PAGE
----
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Around Maryland

‘It’s what we have to do’: Vaccinating kids is the next step to normalcy, say parents, expert

After mulling over the pros and cons of getting her 15-year-old vaccinated, Jennifer Barrows of Urbana said the best choice became clear: get her son the jab. “The negative is just regular vaccine side effects as far as we can see,” Barrows said, “and my son isn’t able to do the things he wants to do because of the virus. So we figured the more people who get vaccinated, the faster things will start opening up for him.”

Howard school board adopts $942 million budget, including Digital Education Center and more special educators

Ending a second budget season amid the coronavirus pandemic, the Howard County Board of Education on Thursday adopted a $942 million operating budget for the upcoming fiscal year. The fiscal 2022 budget is $24 million more than the 2021 spending plan, allowing for an increase in special education staff, student support personnel and a new Digital Education Center. “These are never easy processes,” Howard County schools Superintendent Michael Martirano said after the budget adoption.

Read More: Baltimore Sun
After Howard schools canceled proms for second year due to COVID, some parents planned their own for students

Wilde Lake High School senior Bridget Tiffey had been dreaming about her prom all year. The thought of dancing with her classmates and friends and dressing up in a beautiful gown was the perfect way to end her last year in high school, she said. However, when she learned that the Howard County Public School System had canceled proms for a second year in a row due to the ongoing coronavirus pandemic, she was disappointed that her dream would not be a reality.

Read More: Baltimore Sun
Racist flyers found in Columbia on anniversary of George Floyd’s death; Howard police investigating

Racist paper signs with the phrases “white lives matter” and “No white guilt” were taped to road signs in Columbia on Tuesday, Howard County police said. The Harper’s Choice neighborhood was vandalized earlier this week on the one-year anniversary of the killing of George Floyd, a Black man who died after a white Minneapolis police officer pressed his knee onto Floyd’s neck.

Read More: Baltimore Sun
University Of Maryland Lifts Mask Requirement For Fully Vaccinated People Starting Friday

The University Of Maryland said masks will no longer be required for fully vaccinated people in most places on campus starting 5 p.m. on Friday, May 28. The university said it made the decision to follow CDC, state and local guidance. Governor Larry Hogan lifted the state’s mask mandate for most places May 15. Fully vaccinated people will still have to wear masks in health centers, on public transportation, and when interacting with children, in accordance with state guidance. Masks will still need to go up at campus businesses and workplaces that require them too.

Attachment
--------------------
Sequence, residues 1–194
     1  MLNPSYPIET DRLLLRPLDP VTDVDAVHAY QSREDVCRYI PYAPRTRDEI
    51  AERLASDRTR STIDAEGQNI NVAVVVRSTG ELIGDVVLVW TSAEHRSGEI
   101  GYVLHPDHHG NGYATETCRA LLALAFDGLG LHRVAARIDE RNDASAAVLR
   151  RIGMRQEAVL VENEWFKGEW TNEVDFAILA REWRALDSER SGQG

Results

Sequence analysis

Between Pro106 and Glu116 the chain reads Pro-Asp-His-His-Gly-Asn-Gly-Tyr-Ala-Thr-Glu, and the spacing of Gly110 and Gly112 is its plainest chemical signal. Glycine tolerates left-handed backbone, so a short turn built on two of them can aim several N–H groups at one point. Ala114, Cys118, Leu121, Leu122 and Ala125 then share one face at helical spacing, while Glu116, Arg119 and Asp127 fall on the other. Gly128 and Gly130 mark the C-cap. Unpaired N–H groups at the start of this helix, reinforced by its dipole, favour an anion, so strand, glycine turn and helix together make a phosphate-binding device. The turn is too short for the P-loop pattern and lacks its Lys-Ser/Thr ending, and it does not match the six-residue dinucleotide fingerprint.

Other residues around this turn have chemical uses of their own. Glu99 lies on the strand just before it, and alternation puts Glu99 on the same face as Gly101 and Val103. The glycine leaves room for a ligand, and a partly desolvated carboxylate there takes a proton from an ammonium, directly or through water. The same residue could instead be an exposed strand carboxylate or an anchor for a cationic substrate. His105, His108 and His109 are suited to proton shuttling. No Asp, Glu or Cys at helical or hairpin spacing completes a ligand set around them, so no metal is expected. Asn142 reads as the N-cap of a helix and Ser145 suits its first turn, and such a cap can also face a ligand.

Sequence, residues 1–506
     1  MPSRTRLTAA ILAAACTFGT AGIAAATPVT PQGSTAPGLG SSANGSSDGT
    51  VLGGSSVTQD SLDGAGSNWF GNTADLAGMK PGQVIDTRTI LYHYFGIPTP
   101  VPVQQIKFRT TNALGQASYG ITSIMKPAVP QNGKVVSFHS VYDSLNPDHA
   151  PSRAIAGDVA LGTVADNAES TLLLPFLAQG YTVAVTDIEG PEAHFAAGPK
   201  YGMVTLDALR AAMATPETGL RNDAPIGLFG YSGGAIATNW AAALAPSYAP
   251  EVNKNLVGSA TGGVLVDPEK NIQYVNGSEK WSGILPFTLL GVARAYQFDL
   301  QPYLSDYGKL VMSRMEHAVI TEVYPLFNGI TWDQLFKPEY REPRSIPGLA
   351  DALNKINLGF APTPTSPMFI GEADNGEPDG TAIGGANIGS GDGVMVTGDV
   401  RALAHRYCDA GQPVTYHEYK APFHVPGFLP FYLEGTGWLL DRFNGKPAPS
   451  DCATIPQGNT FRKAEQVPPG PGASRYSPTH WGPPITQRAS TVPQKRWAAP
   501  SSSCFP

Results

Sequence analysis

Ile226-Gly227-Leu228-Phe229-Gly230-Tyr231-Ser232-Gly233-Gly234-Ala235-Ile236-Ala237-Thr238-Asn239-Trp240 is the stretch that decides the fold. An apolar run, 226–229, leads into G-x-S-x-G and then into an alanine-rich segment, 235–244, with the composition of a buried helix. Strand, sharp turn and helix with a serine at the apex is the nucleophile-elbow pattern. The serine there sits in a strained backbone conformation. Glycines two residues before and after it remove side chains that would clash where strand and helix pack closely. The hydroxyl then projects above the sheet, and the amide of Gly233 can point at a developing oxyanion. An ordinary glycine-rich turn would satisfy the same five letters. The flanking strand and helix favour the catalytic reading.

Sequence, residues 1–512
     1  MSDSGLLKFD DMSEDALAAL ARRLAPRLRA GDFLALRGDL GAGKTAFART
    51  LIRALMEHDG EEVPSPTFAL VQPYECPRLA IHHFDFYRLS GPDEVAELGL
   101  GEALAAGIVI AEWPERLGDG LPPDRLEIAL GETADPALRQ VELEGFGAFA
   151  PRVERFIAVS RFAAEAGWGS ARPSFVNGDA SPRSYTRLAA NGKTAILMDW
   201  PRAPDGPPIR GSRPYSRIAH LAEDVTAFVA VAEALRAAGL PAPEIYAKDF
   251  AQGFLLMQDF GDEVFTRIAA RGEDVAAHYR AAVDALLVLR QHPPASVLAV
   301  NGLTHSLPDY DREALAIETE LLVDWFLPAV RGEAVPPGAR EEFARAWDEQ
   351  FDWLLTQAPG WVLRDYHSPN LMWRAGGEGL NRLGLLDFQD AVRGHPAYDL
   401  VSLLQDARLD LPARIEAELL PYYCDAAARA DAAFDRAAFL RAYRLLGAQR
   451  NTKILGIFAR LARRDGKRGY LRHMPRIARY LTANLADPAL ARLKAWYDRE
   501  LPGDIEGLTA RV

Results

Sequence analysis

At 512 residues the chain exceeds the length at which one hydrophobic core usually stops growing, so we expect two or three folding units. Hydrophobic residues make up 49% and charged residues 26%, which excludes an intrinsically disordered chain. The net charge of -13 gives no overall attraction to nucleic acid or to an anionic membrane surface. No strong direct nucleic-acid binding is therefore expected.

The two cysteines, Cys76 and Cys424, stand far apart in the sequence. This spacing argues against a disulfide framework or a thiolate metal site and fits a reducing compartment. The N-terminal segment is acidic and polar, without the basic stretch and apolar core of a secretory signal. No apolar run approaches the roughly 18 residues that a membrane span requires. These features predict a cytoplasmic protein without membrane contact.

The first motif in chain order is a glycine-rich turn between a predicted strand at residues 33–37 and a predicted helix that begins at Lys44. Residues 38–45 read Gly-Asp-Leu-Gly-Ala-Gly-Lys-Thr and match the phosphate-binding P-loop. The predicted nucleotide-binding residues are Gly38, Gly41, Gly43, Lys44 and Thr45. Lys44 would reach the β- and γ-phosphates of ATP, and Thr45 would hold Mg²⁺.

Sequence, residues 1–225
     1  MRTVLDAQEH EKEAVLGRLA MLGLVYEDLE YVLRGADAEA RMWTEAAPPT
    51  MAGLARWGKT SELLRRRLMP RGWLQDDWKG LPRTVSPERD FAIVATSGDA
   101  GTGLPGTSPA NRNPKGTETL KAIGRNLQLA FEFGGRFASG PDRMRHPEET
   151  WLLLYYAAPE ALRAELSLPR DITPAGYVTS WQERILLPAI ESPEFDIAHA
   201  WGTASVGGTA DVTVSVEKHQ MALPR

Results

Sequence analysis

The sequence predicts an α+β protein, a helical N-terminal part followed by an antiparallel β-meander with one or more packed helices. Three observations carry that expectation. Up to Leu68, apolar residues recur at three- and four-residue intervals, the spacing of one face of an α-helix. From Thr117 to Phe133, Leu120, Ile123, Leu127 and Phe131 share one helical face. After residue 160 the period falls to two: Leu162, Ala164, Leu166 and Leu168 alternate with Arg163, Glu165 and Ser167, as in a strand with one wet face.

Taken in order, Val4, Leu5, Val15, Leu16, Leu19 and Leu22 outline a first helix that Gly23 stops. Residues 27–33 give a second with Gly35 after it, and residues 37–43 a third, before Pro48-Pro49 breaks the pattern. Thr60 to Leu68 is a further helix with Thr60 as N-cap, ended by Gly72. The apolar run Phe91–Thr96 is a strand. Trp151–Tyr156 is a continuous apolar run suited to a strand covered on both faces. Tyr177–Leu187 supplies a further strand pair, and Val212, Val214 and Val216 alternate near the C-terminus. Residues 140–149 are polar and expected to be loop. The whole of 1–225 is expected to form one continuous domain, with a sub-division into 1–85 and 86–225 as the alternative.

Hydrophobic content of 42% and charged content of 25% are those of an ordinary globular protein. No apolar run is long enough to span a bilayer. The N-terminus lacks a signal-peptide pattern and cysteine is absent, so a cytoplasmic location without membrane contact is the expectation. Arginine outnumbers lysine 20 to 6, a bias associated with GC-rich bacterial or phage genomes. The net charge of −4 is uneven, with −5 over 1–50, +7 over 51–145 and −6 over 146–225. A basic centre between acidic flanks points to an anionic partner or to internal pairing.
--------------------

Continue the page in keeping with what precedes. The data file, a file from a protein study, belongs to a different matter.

Read More: WJZ
Covid-19 Vaccine Bottle Mockup (does not depict actual vaccine).
Maryland Targets Five Baltimore Zip Codes In Push To Vaccinate 70 Percent Of Adults By Memorial Day
The Maryland Department of Health’s “sound truck” rolled through five West Baltimore zip codes Wednesday with a message: Get vaccinated. Gov. Larry Hogan’s goal is to get 70% of adults vaccinated with one shot by Memorial Day. “We have to do what it takes to stay safe and beat the pandemic,” said Rev. Kobi Little, the president of Baltimore City’s NAACP. “The infection rates in Baltimore are just too high.”
Read More: WJZ
Feds send Baltimore $29 million to cover costs of housing homeless during pandemic, and much more is expected, city says

The federal government has sent about $29 million in reimbursement funding to cover Baltimore’s costs of housing more than 500 homeless residents in local hotels during the coronavirus pandemic, and city officials say they expect a total of $70 million from the Federal Emergency Management Agency. City administrator Christopher Shorter told members of the Economic and Community Development committee Tuesday afternoon that efforts to reimburse the city’s general fund for costs related to housing homeless residents in hotels have gone “much smoother” in recent months.

Read More: Baltimore Sun
Baltimore law enforcement beefs up effort to bring gun cases to federal court, where punishment is harsher

With younger and younger people carrying guns on the streets of Baltimore, law enforcement officials are scaling up a longstanding program to prosecute gun crimes in federal court where the penalties are stiffer. Baltimore’s top law enforcement officials gathered Wednesday to announce that three more special prosecutors will bolster the ranks of Project Exile. The local effort, part of a national program, represents a partnership of the U.S. attorney’s office, federal agents, Baltimore police, prosecutors and Maryland’s attorney general to steer gun cases from state to federal court.

Read More: Baltimore Sun
City schools will not require struggling students to repeat a grade

Baltimore City Schools will not require struggling students to repeat a grade in the fall due to the challenges presented by the pandemic. Chief Academic Officer Joan Dabrowski says rather than holding students back, the school system will give them extra time and individualized instruction plans.

Read More: WBAL
Talbot Boys: “It will all be for naught if we don’t remove that statue”

 The Talbot County Council approved a new $112.8 million budget and instituted pension reforms aimed at better retaining deputies at the Sheriff’s Office during a virtual meeting on Tuesday, May 25. Still, the Talbot Boys Confederate memorial took center stage during the council meeting’s public comment period. Several residents continue to press the council to remove the Confederate statue from the county courthouse.

Read More: Star Democrat

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